10 Brightling Park East Sussex 01424 838241/07787 843277 BE90 – BE100 – Novice – Intermediate 11 Ampney Down Farm, Gloucestershire 07737 256816 www.ampneydown BE90, BE100 plus 12 Tweselldown racecourse Hampshire 01252 850628/07887 728603 BE80 to Intermediate

7 Catton Estate Derbyshire/Staffordshire 01283 716311 BE90 – Intermediate

14 Scotsburn House Invergordon Highland 02868 842 300 BE 80, 90 & 100 up to Novice

22 Llanymynech, Lower House Farm Shropshire / Mid Wales 01691 831523 BE80 BE90 BE100 Novice

17 Burgie Cross Country Schooling Morayshire 01343 850231 BE80 – Novice 18 Washbrook Farm Aston-le-Walls Northants 01327 262256/07860 602445/ 07721 001770 BE80 (or smaller) to Advanced 19 Crown Farm, Ascot Under Wychwood Oxfordshire 01993 832083 BE80 to Novice 20 Grange Farm XC Oxfordshire OX15 5EX 01295 780206 BE80 BE90 BE100 Novice

23 Pontispool Equestrian Sports Centre Somerset 01823 461196 BE80 – Intermediate 24 Eland Lodge Equestrian Staffordshire 01283 575856 BE80 to BE Novice 25 Poplar Park, IP12 3NA Suffolk 01394 411023 BE80 to Intermediate 26 Heath Farm Surrey 01483 418271/07768 740969 40cm to BE100


6 Somerford Park Farm Cheshire 01260 299888 BE80 – Advanced

13 Sapey Cross Country Course Herefordshire/ Worcestershire Border 01886 853231 BE80 – Novice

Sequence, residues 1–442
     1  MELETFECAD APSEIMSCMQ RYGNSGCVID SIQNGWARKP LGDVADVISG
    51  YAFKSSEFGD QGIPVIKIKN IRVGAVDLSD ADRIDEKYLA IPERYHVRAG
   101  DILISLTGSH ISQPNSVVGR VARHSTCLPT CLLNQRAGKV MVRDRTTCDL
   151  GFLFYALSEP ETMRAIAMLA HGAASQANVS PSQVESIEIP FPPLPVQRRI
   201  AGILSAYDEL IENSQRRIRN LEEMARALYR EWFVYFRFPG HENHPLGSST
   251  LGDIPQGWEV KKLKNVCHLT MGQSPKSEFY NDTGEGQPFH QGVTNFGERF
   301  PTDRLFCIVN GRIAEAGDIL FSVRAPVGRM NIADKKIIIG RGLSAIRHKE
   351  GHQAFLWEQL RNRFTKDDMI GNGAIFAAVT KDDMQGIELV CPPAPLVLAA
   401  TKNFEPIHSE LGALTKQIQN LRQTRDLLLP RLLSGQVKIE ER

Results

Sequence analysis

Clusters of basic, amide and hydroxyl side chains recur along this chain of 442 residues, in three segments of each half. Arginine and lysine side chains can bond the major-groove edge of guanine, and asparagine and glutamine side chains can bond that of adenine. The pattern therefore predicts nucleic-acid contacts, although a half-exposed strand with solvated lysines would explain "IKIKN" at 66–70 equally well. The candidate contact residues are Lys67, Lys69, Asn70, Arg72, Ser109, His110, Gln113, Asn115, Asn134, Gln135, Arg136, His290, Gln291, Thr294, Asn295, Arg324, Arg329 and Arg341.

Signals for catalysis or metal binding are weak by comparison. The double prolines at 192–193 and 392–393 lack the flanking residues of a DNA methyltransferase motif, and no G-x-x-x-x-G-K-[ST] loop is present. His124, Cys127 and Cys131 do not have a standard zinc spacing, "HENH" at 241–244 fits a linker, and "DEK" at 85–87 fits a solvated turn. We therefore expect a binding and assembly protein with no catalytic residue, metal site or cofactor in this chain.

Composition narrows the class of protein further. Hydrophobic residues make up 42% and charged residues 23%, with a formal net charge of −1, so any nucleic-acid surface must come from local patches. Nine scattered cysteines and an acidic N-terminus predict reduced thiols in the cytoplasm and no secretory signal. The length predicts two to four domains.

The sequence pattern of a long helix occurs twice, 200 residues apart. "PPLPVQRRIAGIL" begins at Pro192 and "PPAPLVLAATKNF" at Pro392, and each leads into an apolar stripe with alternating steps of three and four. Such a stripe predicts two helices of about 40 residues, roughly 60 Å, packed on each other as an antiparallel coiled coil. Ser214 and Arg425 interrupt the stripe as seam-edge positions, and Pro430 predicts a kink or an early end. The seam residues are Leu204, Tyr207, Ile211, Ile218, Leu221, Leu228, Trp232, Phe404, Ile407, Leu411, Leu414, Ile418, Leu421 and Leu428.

21 Hillocks Farm, Cleobury Mortimer Shropshire/Worcestershire Borders 01299 270710/07970 278839 BE80 – Intermediate with 3 water complexes 21

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BE Accredited Coaches See below for our list of current BE Accredited Coaches, who have been carefully selected to help you get the best out of the sport from BE80(T) to Advanced. They have a wealth of knowledge and expertise, with many of them riding at an international level themselves. They can help with anything from planning your training sessions, to helping you plot your seasonal campaign, getting your horse fit, as well as specific training in dressage, show jumping and cross country. Also, many BE Accredited Coaches hold schooling clinics up and down the country, see our website,, for more details and look up coaching and training in ‘About us’. Ms Sue Hendry Aberdeenshire 07725 401921

Mrs Sabrina Jones Buckinghamshire 07766567184

Mrs Trisha Hunter Ayrshire 07962 207272

Mrs Valerie Gingell Cambridgeshire 07778 610001

Mr Nick Turner Bedfordshire 07831 112627

Miss Rachel Bayliss Cheshire 07860 744668 rachel@rachelbayliss01.

Mr Warren Lamperd Berkshire 07812 193747 Mrs Karen Reuter Niklasson Lambourn, Berkshire 07831 244503 karenniklasson@lambourn.

Mr Richard Carruthers Cheshire 07865 090346 Mrs Sarah Dale Cheshire 07771 563731

Mrs Rosalind Nolan Cornwall Mrs Nicola du Plessis Cornwall 07877 228731 Mrs Ruth Edge Cumbria 07803 268803 Miss Georgie H Barnes Derbyshire 07976 254887 Mrs Sue Colley Derbyshire 07814 423494 Mr Frans Koemans Derbyshire 07976 567653

Mrs Tessa Spencer Berkshire 07976 328566

Miss Laura Fortune Cheshire 0779 8566435